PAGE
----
4. Ontario Association of Chiefs of Police, Constable Selection System: Hearing Performance Standard, Ontario Association of Chiefs of Police, 2006. Toronto.

Additional Information

1. International Atomic Energy Agency, Recruitment, Qualification and Training of Personnel for Nuclear Power Plants: Safety Guide, Safety standards series, NS-G-2.8, December 2002. Vienna.

2. Royal Canadian Mounted Police, Physical Abilities Requirement Evaluation (PARE), 2007. Ottawa.

3. Transport Canada, TP 2943, Personnel Licensing Procedures Manual, 2006. Ottawa.

Appendix A
NSO Physical Fitness Test

A.1 Background

Physiology is the identification of physiological mechanisms underlying physical activity, thereby enabling comprehensive delivery of treatment services concerned with the analysis, improvement, and maintenance of health and fitness. The Canadian Society for Exercise Physiology is a voluntary organization composed of professionals involved in the scientific study of exercise physiology, exercise biochemistry, fitness, and health. The Canadian Society for Exercise Physiology (then known as the Canadian Association of Sport Sciences), was founded at the 1967 Pan American Games, in Winnipeg, Manitoba - the result of four years of cooperative efforts by the Canadian Medical Association and the Canadian Association for Health, Physical Education, Recreation and Dance.

A physical fitness assessment is a snapshot of a person's current physical fitness level. The Canadian Society for Exercise Physiology sets national standards of practice required for validity, accuracy, and reliability in physical fitness assessments. These standards must be met in order for an organization to be designated as an Accredited Fitness Appraisal Centre (AFAC). This designation demonstrates meeting required criteria for direct physiological exercise assessments, thereby ensuring accurate, valid, and reliable data.

Alfred Reed, PhD, is a member of The Peak Centre for Human Performance, which holds an AFAC designation. Dr. Reed developed this physical fitness test under contract to the Canadian Nuclear Safety Commission. Dr. Reed is a national award winning career sports scientist whose work with Canadian and American sports teams has been well recognized for three decades. He has gained recognition as an exceptional teacher at the University of Ottawa and with the Canadian National Coaching Certification Program. Dr. Reed has developed dozens of national team training programs and sport specific fitness tests in use today. For the past 20 years, Dr. Reed has been engaged by 10 federal, provincial, and private sector agencies to assist them with physical fitness standards for their workers.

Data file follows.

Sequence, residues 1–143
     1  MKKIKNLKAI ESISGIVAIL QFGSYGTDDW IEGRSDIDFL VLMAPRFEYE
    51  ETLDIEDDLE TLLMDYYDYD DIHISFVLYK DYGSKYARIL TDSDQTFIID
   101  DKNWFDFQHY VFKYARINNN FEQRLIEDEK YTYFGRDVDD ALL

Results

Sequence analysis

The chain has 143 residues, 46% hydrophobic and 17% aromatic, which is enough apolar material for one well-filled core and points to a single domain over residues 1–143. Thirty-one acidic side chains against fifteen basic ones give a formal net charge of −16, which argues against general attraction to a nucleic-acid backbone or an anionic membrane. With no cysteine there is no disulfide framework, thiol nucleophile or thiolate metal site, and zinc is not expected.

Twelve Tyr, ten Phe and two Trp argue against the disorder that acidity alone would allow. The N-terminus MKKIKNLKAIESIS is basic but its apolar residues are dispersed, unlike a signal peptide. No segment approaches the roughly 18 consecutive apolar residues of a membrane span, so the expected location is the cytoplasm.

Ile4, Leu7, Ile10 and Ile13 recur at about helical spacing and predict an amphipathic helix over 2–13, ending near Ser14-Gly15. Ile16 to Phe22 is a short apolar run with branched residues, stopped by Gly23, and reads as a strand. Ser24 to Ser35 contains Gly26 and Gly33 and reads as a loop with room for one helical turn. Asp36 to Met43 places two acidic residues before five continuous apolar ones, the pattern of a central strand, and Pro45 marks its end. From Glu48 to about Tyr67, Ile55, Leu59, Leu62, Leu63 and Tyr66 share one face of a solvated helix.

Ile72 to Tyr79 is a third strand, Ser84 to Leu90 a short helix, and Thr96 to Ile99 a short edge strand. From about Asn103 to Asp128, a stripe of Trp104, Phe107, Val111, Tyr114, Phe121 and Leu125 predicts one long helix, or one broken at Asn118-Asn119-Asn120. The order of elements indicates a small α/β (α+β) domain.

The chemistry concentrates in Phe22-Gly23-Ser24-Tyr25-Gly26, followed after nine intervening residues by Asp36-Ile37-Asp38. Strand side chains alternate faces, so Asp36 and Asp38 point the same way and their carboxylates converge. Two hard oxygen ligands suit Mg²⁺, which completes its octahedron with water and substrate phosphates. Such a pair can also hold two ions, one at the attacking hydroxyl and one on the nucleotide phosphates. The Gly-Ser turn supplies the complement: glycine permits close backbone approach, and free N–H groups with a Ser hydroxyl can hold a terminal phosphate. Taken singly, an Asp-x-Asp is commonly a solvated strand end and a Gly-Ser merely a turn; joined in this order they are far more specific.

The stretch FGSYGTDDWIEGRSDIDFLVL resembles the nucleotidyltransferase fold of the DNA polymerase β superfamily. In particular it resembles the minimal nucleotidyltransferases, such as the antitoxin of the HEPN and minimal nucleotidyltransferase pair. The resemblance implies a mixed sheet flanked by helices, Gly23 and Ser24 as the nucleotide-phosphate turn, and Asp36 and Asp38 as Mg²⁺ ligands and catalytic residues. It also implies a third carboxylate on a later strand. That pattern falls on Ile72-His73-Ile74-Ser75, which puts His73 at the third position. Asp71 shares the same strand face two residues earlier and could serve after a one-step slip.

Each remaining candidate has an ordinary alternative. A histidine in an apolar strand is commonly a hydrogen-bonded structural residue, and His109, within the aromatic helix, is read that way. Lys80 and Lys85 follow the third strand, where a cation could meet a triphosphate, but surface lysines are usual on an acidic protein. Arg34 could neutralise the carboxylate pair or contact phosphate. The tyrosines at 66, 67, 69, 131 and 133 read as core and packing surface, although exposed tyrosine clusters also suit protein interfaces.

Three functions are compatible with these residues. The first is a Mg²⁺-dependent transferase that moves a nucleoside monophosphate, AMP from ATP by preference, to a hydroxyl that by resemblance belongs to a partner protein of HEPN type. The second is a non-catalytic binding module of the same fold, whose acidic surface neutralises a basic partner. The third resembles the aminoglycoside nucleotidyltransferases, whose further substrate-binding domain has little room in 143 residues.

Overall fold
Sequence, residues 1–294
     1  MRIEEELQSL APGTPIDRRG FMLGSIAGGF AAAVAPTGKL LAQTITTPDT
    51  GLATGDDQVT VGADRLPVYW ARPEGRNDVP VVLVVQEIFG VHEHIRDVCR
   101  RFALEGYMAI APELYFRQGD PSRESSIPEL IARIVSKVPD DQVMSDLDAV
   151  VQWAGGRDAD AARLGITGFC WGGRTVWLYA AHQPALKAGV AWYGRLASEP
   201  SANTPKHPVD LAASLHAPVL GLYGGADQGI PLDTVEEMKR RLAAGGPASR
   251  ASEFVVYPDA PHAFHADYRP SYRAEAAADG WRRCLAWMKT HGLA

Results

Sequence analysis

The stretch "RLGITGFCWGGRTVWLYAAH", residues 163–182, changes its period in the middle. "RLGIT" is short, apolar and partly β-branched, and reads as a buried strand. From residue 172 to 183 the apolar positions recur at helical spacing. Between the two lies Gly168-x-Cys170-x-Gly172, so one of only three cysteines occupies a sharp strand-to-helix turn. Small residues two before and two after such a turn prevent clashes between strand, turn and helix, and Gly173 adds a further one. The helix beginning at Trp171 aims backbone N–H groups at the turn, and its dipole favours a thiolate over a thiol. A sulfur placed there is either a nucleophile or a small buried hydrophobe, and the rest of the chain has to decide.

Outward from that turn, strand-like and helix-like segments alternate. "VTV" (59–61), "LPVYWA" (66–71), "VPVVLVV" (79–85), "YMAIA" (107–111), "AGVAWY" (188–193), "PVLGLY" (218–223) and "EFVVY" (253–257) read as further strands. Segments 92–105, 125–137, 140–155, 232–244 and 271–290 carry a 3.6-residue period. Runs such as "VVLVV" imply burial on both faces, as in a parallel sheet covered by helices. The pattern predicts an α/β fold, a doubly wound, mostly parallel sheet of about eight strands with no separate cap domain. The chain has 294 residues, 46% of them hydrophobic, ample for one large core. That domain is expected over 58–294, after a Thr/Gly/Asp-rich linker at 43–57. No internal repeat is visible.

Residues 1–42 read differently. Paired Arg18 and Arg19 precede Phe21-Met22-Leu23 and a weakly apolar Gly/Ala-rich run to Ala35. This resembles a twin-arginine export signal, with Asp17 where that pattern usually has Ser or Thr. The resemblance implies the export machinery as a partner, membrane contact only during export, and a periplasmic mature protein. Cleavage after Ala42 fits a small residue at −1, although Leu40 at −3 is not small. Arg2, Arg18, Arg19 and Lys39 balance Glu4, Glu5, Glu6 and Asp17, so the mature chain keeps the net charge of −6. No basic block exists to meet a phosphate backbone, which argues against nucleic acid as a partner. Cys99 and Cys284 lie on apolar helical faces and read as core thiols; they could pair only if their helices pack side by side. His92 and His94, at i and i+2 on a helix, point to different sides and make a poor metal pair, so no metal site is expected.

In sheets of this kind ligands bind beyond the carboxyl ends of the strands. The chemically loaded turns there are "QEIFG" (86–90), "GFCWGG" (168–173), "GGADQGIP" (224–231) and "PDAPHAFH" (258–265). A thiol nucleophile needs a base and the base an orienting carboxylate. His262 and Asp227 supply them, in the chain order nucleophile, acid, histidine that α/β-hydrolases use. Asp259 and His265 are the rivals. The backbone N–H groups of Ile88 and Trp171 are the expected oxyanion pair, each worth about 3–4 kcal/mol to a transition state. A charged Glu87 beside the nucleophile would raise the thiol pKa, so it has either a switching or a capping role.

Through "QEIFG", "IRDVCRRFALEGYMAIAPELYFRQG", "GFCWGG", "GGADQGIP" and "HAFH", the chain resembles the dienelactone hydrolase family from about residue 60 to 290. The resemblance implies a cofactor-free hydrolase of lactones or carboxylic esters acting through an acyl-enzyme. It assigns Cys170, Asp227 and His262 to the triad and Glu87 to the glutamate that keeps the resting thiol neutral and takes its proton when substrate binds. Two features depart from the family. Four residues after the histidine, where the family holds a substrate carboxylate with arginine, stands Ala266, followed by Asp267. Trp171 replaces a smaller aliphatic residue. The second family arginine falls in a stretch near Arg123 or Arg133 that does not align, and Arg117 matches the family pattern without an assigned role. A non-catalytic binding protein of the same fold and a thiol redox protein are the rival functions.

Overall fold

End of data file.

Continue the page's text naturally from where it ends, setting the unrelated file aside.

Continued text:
A.2 Objectives

This physical fitness test is designed to assess the following:

  1. Static balance in three planes of motion, proprioception, and flexibility;
  2. Base aerobic fitness and agility; middle aerobic fitness; and
  3. Core strength, grip strength, and force discrimination.

A.3 The Test

This physical fitness test involves a series of stations, as described below. In order to pass the physical fitness test, the individual must obtain a pass mark at each station. The individual must complete each station in the order they appear below. If the individual fails to pass any station, the entire test must be repeated.

Station 1-SEARCH STATION

Station 1 is a series of traffic cones set in line with a 60.96 centimetre (two-foot) separation between each cone. A symbol in six hundred (600) font size (or shape or other identifiable item) is concealed by the bottom of the cone.

At the first cone, raise both arms overhead, go up on tiptoes and hold the position for two seconds. Return to original stance.

Move to second cone, stand at arm's length from cone, lower into a squat position, tip the cone and report the symbol seen, return the cone to its original position, stand up and return to the start position.

Move to the third cone, stand at arm's length with the cone to your left, lower body until the left hand contacts the top of the cone, tip the cone with one hand and report the symbol seen, return the cone to its original position, stand up and return to the start position.

Move to the fourth cone, stand at arm's length with the cone to your left, lower body while twisting until the right hand contacts the top of the cone, tip the cone with one hand and report the symbol seen, return the cone to its original position, stand up and return to the start position.

Move to the fifth cone, stand at arm's length with the cone to your right, lower body while twisting until the left hand contacts the top of the cone, tip the cone with one hand and report the symbol seen, return the cone to its original position, stand up and return to the start position.